The collapse of FTX, a crypto giant with a celebrity tech CEO, reveals the precarity of current systems, and raises questions about what comes next.
It’s been a wild year for tech giants: between Mark Zuckerberg’s faltering Metaverse, Elon Musk’s ruinous takeover of Twitter, and significant crashes on cryptocurrency exchanges, a lot of precarious digital systems are hitting key tipping points. The latest news out of the crypto world is no different: FTX, an industry giant once valued at $32 billion is filing for bankruptcy. Sam Bankman-Fried (SBF), its founder and a celebrity tech mogul, is stepping down as CEO.
This news has been a little over a week in coming, after a series of events that illustrates the precarity of crypto markets under their current formations. On November 2, Ian Allison of CoinDesk reported that SBF, a quantitative trader, major political donor, and advocate for private-industry-driven philanthropy, had unusually close ties between his two major holdings: the crypto exchange FTX, and the trading firm Alameda.
How close? Well, according to Allison, Alameda’s “balance sheet is full of FTX—specifically, the FTT token issued by the exchange that grants holders a discount on trading fees on its marketplace.” Allison noted that over $5.8 billion of the company’s $14.6 billion in assets was tied to the FTT token. In a more stable relationship between two discrete legal entities, one would expect a stronger reliance on “an independent asset like a fiat currency or another crypto,” so that depreciation in one business cannot devastate the other.
Stability went out the window soon after Allison’s piece. On the level of competitors? Once told that FTT tokens were a key pillar of a rival firm’s finances, the obvious move played out: companies like Binance started liquidating holdings of FTT, destabilizing its value and escalating the overall bank run. Alameda then worsened consumer confidence by publicly offering to buy FTT from Binance, which seemed to confirm market cause for alarm.
On the level of average investors, FTX saw $6 billion in withdrawals in a 72-hour window. In this chaotic interim, Fortune‘s Jeff John Roberts covered the Twitter feuding between SBF and Binance’s CEO, Changpeng Zhao (CZ), before making the obvious point on behalf of average crypto-users: namely,
[M]any are chiding SBF for the lack of transparency he’s shown when it comes to the overlap between his exchange and his trading fund, and are calling for him to disclose the full reserves of both companies. It’s not much to ask, critics note, given SBF’s recent grandstanding about the need for more regulation and better governance in crypto.Roberts, “FTX-Binance feud puts crypto-markets on edge”, Fortune Crypto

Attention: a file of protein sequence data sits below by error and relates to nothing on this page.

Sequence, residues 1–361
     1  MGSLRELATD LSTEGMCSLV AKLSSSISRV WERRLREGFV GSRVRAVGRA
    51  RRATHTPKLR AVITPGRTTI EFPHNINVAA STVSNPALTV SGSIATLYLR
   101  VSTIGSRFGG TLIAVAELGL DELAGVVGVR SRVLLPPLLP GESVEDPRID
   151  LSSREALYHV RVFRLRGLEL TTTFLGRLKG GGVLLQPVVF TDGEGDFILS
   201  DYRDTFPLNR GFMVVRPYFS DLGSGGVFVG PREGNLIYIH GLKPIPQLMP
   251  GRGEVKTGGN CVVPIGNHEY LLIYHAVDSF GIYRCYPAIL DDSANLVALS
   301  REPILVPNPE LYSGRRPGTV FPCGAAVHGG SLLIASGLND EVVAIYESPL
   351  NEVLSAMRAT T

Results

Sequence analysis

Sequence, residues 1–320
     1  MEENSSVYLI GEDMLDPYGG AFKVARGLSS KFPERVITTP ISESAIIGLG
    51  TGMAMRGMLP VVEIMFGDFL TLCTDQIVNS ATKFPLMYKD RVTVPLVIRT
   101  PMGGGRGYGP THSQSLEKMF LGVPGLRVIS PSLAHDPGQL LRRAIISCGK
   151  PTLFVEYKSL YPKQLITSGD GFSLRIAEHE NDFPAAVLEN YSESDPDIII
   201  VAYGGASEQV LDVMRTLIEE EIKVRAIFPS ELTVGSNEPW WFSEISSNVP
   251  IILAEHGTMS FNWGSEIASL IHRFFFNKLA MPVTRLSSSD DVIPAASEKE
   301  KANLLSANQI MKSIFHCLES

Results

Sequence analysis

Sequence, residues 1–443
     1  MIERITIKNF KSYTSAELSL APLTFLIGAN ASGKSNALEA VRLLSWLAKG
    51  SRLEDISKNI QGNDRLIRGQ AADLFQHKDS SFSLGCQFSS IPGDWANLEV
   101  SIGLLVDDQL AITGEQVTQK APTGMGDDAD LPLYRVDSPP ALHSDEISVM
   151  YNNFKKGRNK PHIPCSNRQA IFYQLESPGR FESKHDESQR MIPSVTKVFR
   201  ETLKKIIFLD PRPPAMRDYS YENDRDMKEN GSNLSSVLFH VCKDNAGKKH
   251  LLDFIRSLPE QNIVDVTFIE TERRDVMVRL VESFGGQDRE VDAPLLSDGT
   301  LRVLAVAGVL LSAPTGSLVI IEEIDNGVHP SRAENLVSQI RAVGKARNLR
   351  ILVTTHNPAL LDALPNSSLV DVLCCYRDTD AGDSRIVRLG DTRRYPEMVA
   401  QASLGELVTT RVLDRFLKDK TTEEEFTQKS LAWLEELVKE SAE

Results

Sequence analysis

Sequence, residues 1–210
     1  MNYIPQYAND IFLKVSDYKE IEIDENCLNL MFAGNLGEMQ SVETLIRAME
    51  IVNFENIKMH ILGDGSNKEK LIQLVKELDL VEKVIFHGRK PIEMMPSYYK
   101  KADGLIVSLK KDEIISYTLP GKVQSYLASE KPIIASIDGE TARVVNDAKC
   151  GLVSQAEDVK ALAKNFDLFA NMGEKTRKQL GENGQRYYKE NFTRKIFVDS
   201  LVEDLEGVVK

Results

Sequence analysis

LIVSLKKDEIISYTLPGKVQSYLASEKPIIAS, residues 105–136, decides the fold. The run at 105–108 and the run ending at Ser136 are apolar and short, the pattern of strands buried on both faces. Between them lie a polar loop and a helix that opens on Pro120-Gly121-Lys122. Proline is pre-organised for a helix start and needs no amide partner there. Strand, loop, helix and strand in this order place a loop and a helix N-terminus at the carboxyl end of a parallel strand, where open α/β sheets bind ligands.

Then, on the level of acquisitions? FTX started looking for a bailout within the industry. It almost had one with Binance on November 8, at which point it froze crypto withdrawals for all remaining clients, but that arrangement has also fallen through. The Securities Commission of the Bahamas has frozen FTX assets, and the team for SBF’s “Future Fund” (part of his grand “effective altruism” plan) has resigned. Bloomberg pulled no punches with its assessment of what this bankruptcy will mean for SBF personally, when writing that
BlockFi, is now halting withdrawals due to “a lack of clarity” about the status of its onetime savior’s empire.
It’s just another way in which the rapid downfall of Bankman-Fried is reverberating around the globe. He’s being investigated by the US Securities and Exchange Commission for potential violations of securities rules, while his major assets have become worthless. The Bloomberg Billionaires Index, which at the start of this week estimated Bankman-Fried’s net worth at $15.6 billion, now considers him to have no material wealth.
Here at OnlySky, the dangers of relying on private industry to shape the future have come up before: around the Saudi megacity project, with the importance of degrowth in lieu of hyper-reliance on technological fixes, and in Nathan Alexander’s “Trust us: The problem with crypto-billionaires and effective altruism”, which in July outlined a wealth of issues with even SBF’s most well-meaning plans to change the world.
The one saving grace in all these cascade-failure events for prominent tech businesses is the opportunity they provide, for taking stock of the world they’ve built and its distance from the world we want. Cults of tech personality, undue allegiance to people based on net worth, unfounded reliance on corporate monopolies to do the right thing (eventually): all of these hallmarks of the contemporary digital era need not dictate our future.
As these platforms fall apart, we should consider the unmet needs that led to their emergence in the first place. What was going wrong with our local and global financial systems, that led so many to put their trust into alternative currencies in the first place? What was failing us, in the way of real town-hall discourse, that led us to rely so much on social media to set the terms of democratic conversation in the first place?
And what can we do now, to stimulate the creation and maintenance of systems more worthy of our confidence and investment going forward?